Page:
October WASDE Shows Tighter Wheat Balance Sheet
Grain prices got to the middle of October on a mixed note as HRS wheat continues to find some bullish legs while soybeans were the biggest loser, thanks to a mostly bearish USDA WASDE report last week. Compared to the market’s pre-report expectations, the USDA published higher numbers for both corn & soybean harvests, as well as ending stocks.
More explicitly, the USDA is expecting U.S. 2021/22 corn ending stocks to come in at 1.5 billion bushels, 92M bushels higher than September’s estimate and 68M more than the average pre-report guesstimate. Similarly, U.S. soybeans stocks are now pegged at 320M bushels, 20M higher than what the market expected to see printed. Finally, adding to soybeans’ bearish woes, farmers in Mato Grosso, Brazil’s largest soybean-producing state, have seeded 45% of the crop to date, well above the seasonal average and last year’s pace of about 25%!
Coming back to the WASDE, the USDA lowered global 2019/20 wheat ending stocks (excluding China) by nearly 3 MMT, which obviously trickled into the 2020/21 and current 2021/22 crop year. Combined with increased exports from the 2020/21 crop year with Australia (+1 MMT to 24 MMT) and Argentina (+500,000 MT to 11 MMT), the USDA lowered 2020/21 global ending stocks (again, excluding China) down by more than 4.2 MMT to 144.2 MMT. This accounting update for the last couple of crop years is important to note because, as mentioned, it trickles down into the current 2021/22 crop year.
Adding to the inventory decline was the USDA lowering harvest totals in Canada (-2 MMT to 21 MMT) and America (-1.4 MMT to 44.8 MMT). More specifically the U.S., durum production was raised while domestic use was lowered, meaning ending stocks went up by about 2M bushels (or 54,400 MT if converting bushels into metric tonnes) to now sit at 20M bushels (544,311 MT). Similarly, American hard red spring wheat 2021/22 ending stocks were also raised by 2M bushels to now sit at 113M bushels (or 3.08 MMT) after production and export volumes were both lowered, notably, the latter by 15M bushels (or 408,230 MT).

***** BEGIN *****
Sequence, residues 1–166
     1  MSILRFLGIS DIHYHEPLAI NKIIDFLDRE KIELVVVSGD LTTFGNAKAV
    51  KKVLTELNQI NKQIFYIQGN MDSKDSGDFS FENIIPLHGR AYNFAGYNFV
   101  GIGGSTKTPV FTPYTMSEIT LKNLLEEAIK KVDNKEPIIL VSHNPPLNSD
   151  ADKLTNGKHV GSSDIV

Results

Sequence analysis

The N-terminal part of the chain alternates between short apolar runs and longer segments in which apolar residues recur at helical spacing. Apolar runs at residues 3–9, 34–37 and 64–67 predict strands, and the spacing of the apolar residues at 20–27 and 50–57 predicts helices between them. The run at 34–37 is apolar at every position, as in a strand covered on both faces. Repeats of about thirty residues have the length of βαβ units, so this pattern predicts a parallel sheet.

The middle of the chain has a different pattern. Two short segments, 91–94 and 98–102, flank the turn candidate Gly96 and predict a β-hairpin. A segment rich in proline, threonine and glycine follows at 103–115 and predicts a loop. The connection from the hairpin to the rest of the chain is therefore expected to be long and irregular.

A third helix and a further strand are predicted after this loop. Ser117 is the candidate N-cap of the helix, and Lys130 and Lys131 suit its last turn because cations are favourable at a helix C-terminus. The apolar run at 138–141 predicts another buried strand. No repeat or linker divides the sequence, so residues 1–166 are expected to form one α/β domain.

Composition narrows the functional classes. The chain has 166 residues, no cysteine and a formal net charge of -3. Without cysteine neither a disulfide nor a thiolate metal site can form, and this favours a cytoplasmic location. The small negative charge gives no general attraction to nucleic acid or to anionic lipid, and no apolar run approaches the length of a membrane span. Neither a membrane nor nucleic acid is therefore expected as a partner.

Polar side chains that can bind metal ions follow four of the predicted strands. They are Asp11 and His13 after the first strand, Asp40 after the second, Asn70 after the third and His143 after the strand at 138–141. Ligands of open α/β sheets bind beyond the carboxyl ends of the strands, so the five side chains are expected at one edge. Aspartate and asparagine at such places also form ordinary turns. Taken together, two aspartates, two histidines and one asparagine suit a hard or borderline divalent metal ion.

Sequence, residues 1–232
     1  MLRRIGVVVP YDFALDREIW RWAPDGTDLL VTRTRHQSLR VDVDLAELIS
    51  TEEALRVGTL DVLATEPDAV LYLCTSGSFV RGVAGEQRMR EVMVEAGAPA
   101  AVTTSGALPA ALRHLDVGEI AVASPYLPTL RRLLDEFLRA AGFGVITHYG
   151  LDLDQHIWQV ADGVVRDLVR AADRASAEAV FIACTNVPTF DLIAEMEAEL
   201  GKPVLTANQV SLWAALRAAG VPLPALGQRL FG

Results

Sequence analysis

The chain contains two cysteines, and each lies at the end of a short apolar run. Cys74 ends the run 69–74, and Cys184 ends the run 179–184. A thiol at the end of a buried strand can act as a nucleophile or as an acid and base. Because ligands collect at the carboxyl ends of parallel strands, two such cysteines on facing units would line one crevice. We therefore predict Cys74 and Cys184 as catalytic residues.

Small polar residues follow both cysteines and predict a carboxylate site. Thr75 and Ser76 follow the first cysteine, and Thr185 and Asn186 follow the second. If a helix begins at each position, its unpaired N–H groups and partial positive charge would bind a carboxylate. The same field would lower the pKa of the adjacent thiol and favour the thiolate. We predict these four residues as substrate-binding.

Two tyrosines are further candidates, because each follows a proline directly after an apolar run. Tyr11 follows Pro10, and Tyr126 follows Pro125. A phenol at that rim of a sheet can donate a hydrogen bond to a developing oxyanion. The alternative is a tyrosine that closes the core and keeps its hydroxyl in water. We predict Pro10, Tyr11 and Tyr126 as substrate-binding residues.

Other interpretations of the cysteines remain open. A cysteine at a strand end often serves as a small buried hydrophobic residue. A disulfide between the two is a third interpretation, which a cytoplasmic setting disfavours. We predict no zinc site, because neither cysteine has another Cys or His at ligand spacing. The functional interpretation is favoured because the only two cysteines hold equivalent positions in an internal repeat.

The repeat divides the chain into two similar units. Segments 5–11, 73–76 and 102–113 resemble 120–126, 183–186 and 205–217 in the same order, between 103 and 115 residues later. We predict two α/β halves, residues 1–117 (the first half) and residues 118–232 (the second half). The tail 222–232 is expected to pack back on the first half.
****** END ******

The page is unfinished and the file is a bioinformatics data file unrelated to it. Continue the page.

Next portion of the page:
Looking more globally into the 2021/22 wheat balancing sheet, the USDA increased exports for Australia (+500,000 MT to 23.5 MMT) and the EU (+500,000 MT to 35.5 MMT). As a reminder from last week’s column, because of the ever-changing Russian wheat export tax, the pace of the EU’s wheat exports is up 45% year-over-year. All of these updates add up to the USDA dropping global wheat ending stocks from the September report to this October WASDE by 6 MMT to now sit at 136.2 MMT in this past week’s October report. If realized, this would be the smallest global wheat carryout since the 2016/17 crop year!
Outside of this past week’s WASDE headlines, Iran admitted that it will need to import a record 8 MMT of wheat this crop year due to the devasting drought-driven impact on yields in the Middle Eastern nation. Also, we continue to hear reports of poor quality in France, with barely one-third of the wheat crop being able to meet milling specs. Further, FranceAgriMer just lowered its estimates for France’s wheat carryout by 500,000 MT to now sit at 2.4 MMT.
Overall, this past week’s WASDE report, combined with the quality issues out of Europe, continues to catalyze HRS wheat prices higher. I continue to see comparisons to the 2007/08 crop year when we had similar global production issues and thus, I believe HRS wheat prices have more room to run. As the chart below of the 2007/08 crop year’s HRS futures values shows, the first calendar quarter of the year was when we saw the peak of the market.
Keep in mind that this is historically consistent with when the top of the wheat market is seen, but the difference being that the highs were amplified in 2007/08 because of both a shortage of supply and increased demand for higher-protein wheat, due to blending needs. Quite conclusively, I see a similar market dynamic emerging this year as to that of 2007/08, which means that assuming my cash flow needs can be satisfied by other crop sales, I’m willing to wait a while before selling any more wheat.